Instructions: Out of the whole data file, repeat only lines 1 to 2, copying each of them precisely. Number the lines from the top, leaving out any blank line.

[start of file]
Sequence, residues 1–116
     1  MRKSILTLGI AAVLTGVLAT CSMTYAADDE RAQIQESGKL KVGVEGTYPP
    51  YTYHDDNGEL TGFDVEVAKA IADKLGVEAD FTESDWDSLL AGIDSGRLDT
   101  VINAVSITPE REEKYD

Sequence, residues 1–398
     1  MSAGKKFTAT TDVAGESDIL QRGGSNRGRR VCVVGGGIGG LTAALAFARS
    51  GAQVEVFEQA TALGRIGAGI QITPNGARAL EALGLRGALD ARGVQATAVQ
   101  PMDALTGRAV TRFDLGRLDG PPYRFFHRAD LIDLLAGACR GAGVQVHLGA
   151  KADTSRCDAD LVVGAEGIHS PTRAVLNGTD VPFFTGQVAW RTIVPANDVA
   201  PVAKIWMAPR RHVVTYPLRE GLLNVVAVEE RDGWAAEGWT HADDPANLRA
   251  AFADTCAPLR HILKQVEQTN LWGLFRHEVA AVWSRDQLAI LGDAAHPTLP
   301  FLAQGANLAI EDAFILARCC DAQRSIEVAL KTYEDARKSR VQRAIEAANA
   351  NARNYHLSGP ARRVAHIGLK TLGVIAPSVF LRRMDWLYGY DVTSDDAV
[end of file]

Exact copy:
Sequence, residues 1–116
     1  MRKSILTLGI AAVLTGVLAT CSMTYAADDE RAQIQESGKL KVGVEGTYPP